Bunning imperiled himself by comparing Mongiardo’s appearance to that of deposed Iraqi dictator Saddam Hussein’s sons and for using a TelePrompTer during a debate to deliver his opening and closing statements.

Seeing an opening, national Democrats poured upwards of $1 million into the state for ads that attacked Bunning and questioned whether he was mentally fit for the office.

On the House side, Republicans picked up the 4th district seat of retiring Rep. Ken Lucas (D), as 2002 GOP nominee Geoff Davis won an unexpectedly lopsided victory over former news anchor Nick Clooney (D).

Clooney, who lost 55 percent to 44 percent, drew national attention for his bid because he is the father of actor George Clooney and brother of the late singer Rosemary Clooney.

In the other closely watched House race in the Bluegrass State, Rep. Anne Northup (R) cruised to a fifth term with 60 percent — easily her highest winning margin ever. Democrats were initially enthused about Jefferson County Clerk of Courts Tony Miller (D), but his campaign was a disappointment.

While Vitter won the Senate seat outright, Louisiana’s all-party primary system delivered runoffs in two closely contested House campaigns. The runoffs are scheduled for Dec. 4.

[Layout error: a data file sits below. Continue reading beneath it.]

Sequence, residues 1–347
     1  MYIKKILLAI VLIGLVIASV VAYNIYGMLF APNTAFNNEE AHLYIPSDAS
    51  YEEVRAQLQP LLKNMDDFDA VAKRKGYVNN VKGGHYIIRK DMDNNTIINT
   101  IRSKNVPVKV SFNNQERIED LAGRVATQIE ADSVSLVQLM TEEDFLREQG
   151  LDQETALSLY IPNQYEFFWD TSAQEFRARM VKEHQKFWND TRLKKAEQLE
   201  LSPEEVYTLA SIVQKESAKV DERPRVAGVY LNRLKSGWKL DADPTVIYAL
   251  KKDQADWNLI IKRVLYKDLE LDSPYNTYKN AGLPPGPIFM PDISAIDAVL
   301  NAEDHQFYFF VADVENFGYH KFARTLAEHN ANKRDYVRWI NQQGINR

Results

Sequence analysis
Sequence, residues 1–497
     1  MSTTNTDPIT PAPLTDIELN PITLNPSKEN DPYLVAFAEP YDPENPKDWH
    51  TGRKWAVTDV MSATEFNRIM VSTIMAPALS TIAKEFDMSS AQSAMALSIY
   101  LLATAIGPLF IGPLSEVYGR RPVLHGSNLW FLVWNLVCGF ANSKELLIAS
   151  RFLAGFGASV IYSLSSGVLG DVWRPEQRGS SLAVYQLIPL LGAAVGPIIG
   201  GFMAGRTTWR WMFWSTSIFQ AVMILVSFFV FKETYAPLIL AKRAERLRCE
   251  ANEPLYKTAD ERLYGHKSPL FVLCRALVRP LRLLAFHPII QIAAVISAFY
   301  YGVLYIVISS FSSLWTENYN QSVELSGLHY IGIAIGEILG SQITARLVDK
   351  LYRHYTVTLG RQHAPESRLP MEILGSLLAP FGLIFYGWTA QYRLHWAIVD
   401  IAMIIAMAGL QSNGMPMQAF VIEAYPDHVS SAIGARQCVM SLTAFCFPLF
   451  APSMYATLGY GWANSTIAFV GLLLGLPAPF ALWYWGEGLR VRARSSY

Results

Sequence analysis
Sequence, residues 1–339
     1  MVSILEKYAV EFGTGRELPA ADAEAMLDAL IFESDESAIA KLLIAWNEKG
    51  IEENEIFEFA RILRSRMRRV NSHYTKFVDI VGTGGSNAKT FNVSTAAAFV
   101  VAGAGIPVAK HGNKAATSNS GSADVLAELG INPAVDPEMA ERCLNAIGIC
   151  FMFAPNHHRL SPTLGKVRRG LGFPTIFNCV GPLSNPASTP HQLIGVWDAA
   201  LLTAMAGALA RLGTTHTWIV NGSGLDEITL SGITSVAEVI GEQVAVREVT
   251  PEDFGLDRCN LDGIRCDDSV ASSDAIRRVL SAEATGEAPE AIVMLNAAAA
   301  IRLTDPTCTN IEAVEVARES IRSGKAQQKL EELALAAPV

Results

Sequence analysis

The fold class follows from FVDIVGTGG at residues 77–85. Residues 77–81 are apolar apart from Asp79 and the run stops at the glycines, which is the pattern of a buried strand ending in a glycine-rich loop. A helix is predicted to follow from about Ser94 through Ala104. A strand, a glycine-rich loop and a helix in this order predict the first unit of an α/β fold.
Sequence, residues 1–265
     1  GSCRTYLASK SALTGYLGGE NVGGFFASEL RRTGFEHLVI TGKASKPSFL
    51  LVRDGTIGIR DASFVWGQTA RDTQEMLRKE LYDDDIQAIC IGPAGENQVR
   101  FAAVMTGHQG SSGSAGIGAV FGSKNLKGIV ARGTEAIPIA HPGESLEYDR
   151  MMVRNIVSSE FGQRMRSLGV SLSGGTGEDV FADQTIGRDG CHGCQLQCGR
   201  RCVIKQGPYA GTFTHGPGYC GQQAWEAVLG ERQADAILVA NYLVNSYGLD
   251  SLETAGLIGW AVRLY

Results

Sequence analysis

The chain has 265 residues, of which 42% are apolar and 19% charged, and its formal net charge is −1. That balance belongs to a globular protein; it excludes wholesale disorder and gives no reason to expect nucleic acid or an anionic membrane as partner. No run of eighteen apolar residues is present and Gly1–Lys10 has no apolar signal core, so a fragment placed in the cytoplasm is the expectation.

Retiring Rep. Billy Tauzin (R) is halfway to seeing his youngest son, lobbyist Billy Tauzin III, elected to replace him in the southeastern Louisiana 3rd district.

Tauzin III led the balloting with 32 percent, while former state Rep. Charlie Melancon (D) secured a spot in the runoff with 24 percent. State Sen. Craig Romero (R), who ran a surprisingly strong campaign, barely missed making the runoff with 23 percent.

The two other Democrats in the race — former Senate aide Charmaine Caccioppi and state Rep. Damon Baldone — took 7 percent and 10 percent, respectively.

Across the state in the southwestern 7th district left vacant by John, heart surgeon Charles Boustany (R) used a series of high-quality television ads, which were financed by his solid fundraising effort, to win the most votes Tuesday.

Boustany faces off against state Sen. Willie Mount (D) on Dec. 4. Mount was the leading Democratic votegetter, narrowly beating out state Sen. Don Cravins (D).

Party-switching Rep. Rodney Alexander (R) won with 59 percent, avoiding a runoff in the northern Louisiana 5th district. The same was true for former Health and Human Services Department official Bobby Jindal (R), who won the 1st district race to replace Vitter in a walk.